Require regular training sessions to teach your employees to avoid and spot security risks. The training should include topics such as identifying phishing emails, the importance of secure remote access, and how to respond to cyber-attacks.
4. Monitor employees for abnormal behavior
Establish a baseline of normal behavior for each employee. Once you have established a metric of “normal behavior”, watch for deviations from that baseline and act immediately when such deviations are detected. While occasional deviations do not mean that an employee is malicious, it is still crucial to follow up on these incidents.
5. Mitigate opportunities for malicious insiders
Limit the availability and ease of access to corporate data. Ensure sensitive data is properly labeled. Make sure your security posture is strong. This will act as a deterrent to potential insider and external threats.
6. Find an insider threat solution
Insider threat mitigations should be a priority at every organization. Find a third-party to preform insider threat assessments and penetration tests. Put your security under intense scrutiny, because insider and outsider threats will do the same when preparing to attack.
Recent insider incidents include big name companies like Meta, Yahoo, and Microsoft. In November of 2022 Meta fired and disciplined over twenty-four employees and contractors who allegedly took over user accounts for their own purposes. Some of the incidents involved bribery. In one case, a contractor was found to have reset multiple accounts after a hacker sent them bitcoin payments. Other employees and contractors claim to have been “tricked” into filing false reports and giving access to accounts to malicious actors who did not own those accounts. This incident is a combination of malicious, professional, and negligent insider threats. In May of 2022, Qian Sang, a research scientist, stole Yahoo’s proprietary data about AdLearn products. Sang stole an estimated 570,000 pages of intellectual property. He is currently facing three criminal charges. This is an example of a malicious insider. He intended to use this data to help him at his new job with Yahoo’s competitor The Trade Desk. In August 2022, several Microsoft employees exposed credentials to Microsoft’s GitHub infrastructure. This information could have given attackers access to servers and internal systems. Luckily for Microsoft, the credentials were spotted by the cybersecurity firm SpiderSilk. SpiderSilk immediately notified Microsoft, who were able to take action so no one gained access with those compromised credentials. This is an example of oblivious and/or negligent insider threats. These employees are not believed to have acted maliciously, but their carelessness almost cost the company millions of dollars in fines as well as devastating public relations issues. Thorough security training could have completely avoided this security incident.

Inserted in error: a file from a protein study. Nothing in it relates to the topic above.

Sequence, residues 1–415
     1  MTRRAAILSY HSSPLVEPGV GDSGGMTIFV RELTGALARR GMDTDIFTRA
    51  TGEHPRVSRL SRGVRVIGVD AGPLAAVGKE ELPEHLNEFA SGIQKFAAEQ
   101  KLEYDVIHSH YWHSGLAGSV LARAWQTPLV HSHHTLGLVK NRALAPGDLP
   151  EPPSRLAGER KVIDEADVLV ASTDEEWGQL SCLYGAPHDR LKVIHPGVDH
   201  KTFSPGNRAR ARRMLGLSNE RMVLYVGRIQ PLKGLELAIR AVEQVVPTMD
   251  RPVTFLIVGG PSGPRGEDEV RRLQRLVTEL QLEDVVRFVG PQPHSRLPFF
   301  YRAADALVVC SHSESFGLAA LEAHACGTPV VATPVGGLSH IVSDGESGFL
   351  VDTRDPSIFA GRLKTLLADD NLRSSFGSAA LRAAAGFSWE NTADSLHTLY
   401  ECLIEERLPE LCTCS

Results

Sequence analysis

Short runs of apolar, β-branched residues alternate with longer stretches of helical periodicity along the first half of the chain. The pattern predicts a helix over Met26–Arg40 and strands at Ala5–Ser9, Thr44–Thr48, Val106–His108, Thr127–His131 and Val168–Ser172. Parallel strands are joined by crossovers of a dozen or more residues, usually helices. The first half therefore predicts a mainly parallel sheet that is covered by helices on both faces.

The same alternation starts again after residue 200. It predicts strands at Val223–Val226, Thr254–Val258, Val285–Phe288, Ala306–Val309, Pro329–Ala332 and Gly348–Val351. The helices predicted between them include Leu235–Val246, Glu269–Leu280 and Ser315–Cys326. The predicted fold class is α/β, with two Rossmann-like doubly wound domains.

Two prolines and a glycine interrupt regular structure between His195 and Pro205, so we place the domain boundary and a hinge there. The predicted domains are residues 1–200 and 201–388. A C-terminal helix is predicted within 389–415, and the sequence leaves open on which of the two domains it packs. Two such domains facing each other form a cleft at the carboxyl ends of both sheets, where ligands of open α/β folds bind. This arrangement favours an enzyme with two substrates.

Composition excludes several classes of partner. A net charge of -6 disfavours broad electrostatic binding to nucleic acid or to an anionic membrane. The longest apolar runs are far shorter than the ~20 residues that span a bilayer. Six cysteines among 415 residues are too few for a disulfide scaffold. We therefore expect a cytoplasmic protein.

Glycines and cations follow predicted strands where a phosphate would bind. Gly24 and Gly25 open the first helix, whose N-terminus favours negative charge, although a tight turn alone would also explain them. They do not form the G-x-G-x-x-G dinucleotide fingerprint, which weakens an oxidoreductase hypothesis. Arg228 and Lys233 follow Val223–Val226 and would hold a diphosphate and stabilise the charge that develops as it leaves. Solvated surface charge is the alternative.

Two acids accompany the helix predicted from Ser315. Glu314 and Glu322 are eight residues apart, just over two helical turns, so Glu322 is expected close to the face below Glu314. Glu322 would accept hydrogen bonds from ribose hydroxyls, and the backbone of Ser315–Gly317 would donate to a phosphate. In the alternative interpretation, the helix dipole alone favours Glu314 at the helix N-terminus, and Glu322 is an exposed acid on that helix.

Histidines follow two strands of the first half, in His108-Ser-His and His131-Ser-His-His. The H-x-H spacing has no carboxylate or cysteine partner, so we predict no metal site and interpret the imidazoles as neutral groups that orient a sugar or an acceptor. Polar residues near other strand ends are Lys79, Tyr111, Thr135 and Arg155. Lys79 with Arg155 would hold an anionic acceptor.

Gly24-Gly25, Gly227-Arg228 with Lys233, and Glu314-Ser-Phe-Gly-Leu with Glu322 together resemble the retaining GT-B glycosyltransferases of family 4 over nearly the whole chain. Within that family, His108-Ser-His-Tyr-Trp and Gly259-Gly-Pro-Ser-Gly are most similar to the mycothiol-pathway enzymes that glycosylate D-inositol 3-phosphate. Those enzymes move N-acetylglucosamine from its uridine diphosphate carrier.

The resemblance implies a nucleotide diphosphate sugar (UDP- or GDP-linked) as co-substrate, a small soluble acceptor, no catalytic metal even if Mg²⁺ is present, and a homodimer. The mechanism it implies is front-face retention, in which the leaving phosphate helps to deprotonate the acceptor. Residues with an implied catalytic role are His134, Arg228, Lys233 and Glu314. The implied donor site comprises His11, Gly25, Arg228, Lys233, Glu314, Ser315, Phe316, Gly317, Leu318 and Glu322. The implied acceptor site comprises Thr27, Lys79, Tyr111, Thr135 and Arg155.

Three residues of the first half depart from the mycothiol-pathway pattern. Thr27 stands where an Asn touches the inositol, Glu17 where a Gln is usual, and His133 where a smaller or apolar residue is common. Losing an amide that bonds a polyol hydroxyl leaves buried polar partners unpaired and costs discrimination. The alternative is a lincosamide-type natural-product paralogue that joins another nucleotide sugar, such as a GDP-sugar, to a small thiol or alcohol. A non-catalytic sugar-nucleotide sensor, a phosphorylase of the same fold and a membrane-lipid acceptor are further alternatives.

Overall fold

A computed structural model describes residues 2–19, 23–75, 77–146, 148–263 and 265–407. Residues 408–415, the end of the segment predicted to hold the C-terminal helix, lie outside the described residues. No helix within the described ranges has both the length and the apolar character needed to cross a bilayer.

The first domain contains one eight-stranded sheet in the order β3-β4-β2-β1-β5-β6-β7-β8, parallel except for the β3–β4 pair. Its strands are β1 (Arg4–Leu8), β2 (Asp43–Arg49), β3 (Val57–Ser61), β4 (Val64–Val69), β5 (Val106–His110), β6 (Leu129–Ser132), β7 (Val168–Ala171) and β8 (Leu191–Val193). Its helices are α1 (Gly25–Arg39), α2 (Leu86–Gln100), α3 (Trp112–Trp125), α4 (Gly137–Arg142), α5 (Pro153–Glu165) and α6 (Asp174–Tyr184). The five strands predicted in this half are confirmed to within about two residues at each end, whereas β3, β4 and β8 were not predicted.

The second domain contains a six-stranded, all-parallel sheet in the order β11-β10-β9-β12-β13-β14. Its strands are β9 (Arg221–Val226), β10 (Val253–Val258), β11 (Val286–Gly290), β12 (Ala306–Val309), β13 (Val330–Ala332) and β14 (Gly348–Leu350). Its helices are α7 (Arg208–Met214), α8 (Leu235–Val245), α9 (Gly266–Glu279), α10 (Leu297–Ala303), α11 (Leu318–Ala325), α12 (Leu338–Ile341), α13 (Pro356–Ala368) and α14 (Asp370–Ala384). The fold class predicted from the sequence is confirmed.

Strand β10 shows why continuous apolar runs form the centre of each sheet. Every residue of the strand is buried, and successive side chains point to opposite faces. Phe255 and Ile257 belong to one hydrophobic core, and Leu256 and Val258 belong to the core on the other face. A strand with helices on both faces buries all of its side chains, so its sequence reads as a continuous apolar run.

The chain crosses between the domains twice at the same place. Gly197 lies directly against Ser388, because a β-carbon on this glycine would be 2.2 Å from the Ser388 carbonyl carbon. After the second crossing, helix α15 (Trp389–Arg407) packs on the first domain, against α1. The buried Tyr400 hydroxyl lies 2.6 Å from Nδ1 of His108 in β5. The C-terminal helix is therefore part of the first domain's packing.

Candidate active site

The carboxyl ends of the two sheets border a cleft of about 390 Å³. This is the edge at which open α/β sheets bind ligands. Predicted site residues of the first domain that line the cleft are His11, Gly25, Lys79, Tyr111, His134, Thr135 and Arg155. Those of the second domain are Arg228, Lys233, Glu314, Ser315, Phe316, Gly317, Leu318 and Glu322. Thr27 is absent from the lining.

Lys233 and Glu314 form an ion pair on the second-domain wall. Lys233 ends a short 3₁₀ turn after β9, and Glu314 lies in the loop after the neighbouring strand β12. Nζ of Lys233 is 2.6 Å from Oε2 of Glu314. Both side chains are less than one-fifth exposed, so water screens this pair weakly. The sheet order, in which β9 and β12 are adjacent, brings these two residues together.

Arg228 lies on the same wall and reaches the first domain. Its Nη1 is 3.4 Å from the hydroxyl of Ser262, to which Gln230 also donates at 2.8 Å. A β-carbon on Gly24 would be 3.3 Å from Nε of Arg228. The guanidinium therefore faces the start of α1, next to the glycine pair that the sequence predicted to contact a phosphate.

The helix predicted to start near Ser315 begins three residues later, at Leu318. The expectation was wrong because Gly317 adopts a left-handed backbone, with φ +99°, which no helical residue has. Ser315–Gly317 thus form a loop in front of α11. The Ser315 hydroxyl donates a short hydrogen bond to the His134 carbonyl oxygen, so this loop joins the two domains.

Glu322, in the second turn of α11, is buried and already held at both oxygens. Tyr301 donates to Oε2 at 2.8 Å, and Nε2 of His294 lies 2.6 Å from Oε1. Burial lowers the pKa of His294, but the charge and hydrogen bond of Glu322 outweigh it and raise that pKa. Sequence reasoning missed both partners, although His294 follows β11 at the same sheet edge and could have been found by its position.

With the Covid-19 pandemic, and the resulting hybrid workforce. New avenues for insider threats are being discovered every day. New challenges bring new risks. However, if your organization follows cyber security “best practices” you will stay ahead of the shifting threat landscape, avoiding financial, public relations, and human resource catastrophes.